Kentucky constable charged with attempted murder of FBI agent

If convicted, he faces up to life in prison and a maximum fine of $1.25 million.


While being arrested for conspiring to violate the civil rights of persons within Pulaski County, Kentucky, a Pulaski constable shot an FBI agent as the feds raided his residence. On that same morning, another constable was arrested on similar civil rights violation charges but was arrested without incident.

From November 18, 2018 though September 24, 2019, Pulaski County Constables Michael Wallace and Gary Baldock allegedly threatened and intimidated persons in Pulaski County, in violation of the Constitution and laws of the United States. More specifically, the indictment alleges the two constables deprived individuals of their rights to be free from unreasonable searches and seizures and to be free from the deprivation of property without due process, by someone acting under the color of law.

On the morning of March 6, FBI agents surrounded the houses of Wallace and Baldock before executing their arrests. According to an affidavit filed by FBI Special Agent David Lowery, FBI personnel were wearing clothing identifying themselves as FBI agents and used a loudspeaker to announce their presence multiple times.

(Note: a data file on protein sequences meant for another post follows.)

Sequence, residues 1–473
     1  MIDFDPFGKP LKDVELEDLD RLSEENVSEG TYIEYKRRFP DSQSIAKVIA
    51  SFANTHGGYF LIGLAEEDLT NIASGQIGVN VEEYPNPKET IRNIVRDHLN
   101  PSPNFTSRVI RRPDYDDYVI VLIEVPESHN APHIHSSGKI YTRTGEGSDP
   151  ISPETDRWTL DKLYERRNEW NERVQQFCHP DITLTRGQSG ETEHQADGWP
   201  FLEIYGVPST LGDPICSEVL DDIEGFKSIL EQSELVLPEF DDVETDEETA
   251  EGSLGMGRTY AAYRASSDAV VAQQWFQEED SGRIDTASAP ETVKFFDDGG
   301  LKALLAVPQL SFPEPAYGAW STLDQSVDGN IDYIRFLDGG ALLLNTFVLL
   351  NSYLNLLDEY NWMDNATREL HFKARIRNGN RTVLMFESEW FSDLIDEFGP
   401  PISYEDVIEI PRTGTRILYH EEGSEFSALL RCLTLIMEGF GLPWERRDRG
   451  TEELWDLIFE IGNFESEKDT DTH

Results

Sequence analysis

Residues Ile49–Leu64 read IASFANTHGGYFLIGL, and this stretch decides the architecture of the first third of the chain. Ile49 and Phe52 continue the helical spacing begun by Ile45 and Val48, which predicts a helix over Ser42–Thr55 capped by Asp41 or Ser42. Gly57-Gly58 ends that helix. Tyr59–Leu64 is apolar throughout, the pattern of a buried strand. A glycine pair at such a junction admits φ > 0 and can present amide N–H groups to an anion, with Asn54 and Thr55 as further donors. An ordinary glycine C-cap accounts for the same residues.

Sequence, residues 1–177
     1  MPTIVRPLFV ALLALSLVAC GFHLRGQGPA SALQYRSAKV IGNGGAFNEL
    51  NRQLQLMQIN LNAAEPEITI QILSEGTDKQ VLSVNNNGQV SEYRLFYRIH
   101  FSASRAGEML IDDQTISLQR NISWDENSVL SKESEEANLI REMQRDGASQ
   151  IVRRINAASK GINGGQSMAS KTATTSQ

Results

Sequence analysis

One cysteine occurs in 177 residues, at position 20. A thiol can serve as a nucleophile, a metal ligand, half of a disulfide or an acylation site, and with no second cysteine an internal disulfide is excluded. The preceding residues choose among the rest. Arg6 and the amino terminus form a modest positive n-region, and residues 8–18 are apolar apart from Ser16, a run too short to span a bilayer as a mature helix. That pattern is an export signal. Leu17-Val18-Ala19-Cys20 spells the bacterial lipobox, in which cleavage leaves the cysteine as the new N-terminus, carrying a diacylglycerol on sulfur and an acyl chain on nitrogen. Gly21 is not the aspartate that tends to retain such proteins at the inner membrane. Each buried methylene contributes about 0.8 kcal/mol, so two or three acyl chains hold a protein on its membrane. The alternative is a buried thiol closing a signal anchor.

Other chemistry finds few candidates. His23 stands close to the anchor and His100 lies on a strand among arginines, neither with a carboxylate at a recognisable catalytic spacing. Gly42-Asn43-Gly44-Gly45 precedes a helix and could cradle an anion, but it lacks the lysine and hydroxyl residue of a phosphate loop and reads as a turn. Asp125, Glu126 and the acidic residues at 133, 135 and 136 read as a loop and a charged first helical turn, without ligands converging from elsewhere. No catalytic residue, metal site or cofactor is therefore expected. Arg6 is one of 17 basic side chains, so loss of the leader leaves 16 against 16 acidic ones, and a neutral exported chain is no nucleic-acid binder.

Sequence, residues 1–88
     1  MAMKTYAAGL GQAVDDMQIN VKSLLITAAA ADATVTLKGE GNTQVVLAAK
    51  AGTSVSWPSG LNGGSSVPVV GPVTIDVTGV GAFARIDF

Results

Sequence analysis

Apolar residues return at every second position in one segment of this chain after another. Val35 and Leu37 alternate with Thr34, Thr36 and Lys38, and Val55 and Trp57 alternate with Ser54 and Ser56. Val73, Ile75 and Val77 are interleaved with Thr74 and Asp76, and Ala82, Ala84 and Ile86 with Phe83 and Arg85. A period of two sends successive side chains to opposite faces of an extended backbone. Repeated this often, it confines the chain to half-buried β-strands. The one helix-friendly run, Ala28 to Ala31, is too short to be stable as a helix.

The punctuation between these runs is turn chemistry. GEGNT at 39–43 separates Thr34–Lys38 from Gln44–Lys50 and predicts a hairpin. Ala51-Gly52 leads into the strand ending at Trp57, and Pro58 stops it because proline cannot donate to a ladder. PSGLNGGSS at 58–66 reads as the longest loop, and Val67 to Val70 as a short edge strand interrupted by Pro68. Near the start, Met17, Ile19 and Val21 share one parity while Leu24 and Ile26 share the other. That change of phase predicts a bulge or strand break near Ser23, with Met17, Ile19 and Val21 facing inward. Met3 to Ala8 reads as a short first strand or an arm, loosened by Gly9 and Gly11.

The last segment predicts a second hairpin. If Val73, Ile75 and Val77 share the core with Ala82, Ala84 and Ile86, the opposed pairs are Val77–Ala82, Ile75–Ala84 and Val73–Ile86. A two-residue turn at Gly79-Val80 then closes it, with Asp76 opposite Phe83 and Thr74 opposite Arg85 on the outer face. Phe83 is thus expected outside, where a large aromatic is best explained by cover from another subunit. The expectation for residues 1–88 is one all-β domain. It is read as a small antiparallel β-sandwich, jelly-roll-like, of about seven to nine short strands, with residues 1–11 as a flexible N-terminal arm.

After Baldock failed to respond, FBI personnel breached the front and rear doors of the residence. As federal agents entered his home, Baldock opened fire and shot one of the FBI agents.

During the shootout, Baldock was shot by an agent and later transported to a local hospital where he was treated for his wound. Wallace was taken into custody that same morning at his residence without incident.

Charged with conspiracy against civil rights and discharge of a firearm during and in relation to a crime of violence, Baldock was also indicted Thursday for the attempted murder of an FBI agent. If convicted, he faces up to life in prison and a maximum fine of $1.25 million.

Due to the fact that Wallace did not initiate a shootout with federal agents during his arrest, he only faces up to 10 years in prison, a maximum fine of $250,000, and supervised release of up to 3 years.


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